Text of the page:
I seem to have a problem in the phase inverter area as I only get around 23v AC signal out of the first half of the phase inverter, and this is with a 55v signal coming out of the high gain preamp. The bias is -35v in fixed bias and around 29v in cathode bias. I pulled the output tubes and get about the same signal swing without them in there, so I don't think the output stage is affecting things. I built the stock Vox circuit with the single triode and a Fender LTP in an outboard chassis and subbed it one at a time into my amp in place of my phase inverter circuit, and I get around the same performance...which is not enough. The supply voltage for the phase inverter is around 410v, so there should be plenty of signal swing. The signal looks good on the scope too. I've checked and verified all of my wiring several times, and checked parts values and everything appears correct. The amp is perfectly stable with low hum and good tone, no oscillations that I can hear or see on the scope....yet I still have low power.....does anyone have any ideas of what kind of things I should check or where I should go from here?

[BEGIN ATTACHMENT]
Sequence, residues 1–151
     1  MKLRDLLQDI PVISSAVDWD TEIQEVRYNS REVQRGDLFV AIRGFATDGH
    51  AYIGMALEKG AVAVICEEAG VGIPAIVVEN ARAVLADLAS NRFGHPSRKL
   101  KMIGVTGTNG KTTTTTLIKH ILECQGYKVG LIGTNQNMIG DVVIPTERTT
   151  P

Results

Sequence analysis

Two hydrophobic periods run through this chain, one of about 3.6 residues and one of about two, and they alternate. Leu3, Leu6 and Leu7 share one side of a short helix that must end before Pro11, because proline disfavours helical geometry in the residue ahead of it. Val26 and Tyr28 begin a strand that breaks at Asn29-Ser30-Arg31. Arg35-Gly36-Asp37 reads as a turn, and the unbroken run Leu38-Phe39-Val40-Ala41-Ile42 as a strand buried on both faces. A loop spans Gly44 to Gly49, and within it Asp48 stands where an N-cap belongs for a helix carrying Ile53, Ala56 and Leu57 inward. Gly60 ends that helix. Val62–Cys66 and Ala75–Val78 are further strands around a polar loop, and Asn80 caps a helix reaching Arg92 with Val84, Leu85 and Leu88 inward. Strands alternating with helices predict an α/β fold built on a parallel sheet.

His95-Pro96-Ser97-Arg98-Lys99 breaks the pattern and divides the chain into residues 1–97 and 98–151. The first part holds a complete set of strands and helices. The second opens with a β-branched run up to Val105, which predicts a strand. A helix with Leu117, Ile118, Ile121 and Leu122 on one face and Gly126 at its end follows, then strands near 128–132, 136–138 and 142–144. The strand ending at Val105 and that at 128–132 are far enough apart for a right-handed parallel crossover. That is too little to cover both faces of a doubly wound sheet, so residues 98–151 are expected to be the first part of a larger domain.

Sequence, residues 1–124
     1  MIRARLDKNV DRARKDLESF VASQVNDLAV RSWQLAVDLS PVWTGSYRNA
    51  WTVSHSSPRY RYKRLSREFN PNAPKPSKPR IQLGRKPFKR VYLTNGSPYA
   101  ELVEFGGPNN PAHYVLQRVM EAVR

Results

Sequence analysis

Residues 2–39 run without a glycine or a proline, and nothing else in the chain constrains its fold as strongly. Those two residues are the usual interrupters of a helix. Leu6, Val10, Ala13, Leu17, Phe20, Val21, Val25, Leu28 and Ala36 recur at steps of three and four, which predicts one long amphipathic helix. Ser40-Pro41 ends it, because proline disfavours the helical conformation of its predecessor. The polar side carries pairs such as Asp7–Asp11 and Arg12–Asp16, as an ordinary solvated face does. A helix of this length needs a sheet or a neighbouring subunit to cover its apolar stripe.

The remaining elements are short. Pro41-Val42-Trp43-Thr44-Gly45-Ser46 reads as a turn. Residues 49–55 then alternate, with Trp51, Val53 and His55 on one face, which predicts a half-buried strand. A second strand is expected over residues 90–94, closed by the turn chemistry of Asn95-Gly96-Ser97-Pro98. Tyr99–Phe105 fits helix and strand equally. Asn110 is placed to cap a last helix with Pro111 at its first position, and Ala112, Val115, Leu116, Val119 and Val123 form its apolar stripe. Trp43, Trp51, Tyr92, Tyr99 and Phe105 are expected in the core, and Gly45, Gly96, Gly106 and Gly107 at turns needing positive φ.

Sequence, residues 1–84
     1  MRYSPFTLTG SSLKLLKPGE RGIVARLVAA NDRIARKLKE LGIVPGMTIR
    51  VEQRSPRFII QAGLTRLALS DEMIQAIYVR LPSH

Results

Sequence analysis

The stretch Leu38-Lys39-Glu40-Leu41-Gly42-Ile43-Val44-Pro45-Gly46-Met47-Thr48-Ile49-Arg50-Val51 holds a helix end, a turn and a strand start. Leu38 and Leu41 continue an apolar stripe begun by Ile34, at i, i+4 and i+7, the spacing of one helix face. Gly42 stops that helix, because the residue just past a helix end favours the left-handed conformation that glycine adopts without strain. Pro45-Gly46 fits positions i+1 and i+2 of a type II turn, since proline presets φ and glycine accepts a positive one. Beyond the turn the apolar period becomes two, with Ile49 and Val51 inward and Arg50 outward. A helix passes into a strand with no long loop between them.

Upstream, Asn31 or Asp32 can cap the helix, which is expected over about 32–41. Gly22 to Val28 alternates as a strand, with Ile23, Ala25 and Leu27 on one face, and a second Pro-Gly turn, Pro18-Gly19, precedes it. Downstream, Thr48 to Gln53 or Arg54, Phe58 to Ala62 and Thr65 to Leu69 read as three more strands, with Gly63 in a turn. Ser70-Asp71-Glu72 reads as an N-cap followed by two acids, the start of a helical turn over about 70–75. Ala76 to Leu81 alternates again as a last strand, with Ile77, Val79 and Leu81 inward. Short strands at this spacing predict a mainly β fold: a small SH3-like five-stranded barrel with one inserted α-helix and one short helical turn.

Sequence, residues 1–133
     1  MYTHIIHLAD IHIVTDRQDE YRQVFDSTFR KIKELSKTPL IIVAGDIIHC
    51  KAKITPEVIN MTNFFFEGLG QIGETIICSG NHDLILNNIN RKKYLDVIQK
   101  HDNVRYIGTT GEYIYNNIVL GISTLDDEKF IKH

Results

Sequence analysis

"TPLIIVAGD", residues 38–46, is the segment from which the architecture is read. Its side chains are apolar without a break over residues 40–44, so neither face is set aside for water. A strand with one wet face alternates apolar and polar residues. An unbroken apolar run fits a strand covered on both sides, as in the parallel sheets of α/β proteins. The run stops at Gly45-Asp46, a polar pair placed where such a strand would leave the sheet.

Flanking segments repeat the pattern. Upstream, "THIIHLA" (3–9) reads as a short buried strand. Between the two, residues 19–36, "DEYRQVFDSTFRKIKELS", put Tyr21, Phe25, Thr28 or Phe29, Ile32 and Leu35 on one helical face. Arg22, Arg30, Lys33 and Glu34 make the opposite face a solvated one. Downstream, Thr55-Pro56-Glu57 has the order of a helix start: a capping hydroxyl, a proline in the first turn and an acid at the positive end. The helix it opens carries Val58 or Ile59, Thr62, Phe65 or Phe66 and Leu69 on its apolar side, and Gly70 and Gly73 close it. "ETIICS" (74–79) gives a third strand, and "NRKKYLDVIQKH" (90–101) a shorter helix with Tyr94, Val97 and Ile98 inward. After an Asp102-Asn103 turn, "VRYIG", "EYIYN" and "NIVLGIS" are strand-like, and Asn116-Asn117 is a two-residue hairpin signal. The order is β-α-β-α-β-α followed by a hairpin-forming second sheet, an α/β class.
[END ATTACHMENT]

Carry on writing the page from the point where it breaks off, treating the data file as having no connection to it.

Thanks,

    greg
    What's your screen voltage and idle plate current?
    Jon Wilder
    Wilder Amplification

    Quote Originally Posted by m-fine
    I don't know about you, but I find it a LOT easier to change a capacitor than to actually learn how to play well
    Quote Originally Posted by JoeM
    I doubt if any of my favorite players even own a soldering iron.

  7. #7
    Noodle of Reality Steve Conner's Avatar
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    Hey Greg,

    Check the power tube grid waveforms on a scope. Can the PI drive the grid voltage right up to 0V? If so, the power tubes will clip it with grid current there, so the PI is doing as much as it can be expected to.

    If it doesn't make it to 0V then you need more PI output. With 35V bias, you need 70V p-p of drive for each grid, which an AC voltmeter would see as 25V RMS.

    Now, what about the screen voltage and screen resistors? If the screens aren't getting enough juice, you can drive the control grids as hard as you like, but the output will still be lacking. KT88s need a bit more than EL34s.

    Next, what about the power supply, does it sag excessively under load?

    If you put EL34s back in, does the power output go up to what it should be?

    Etc.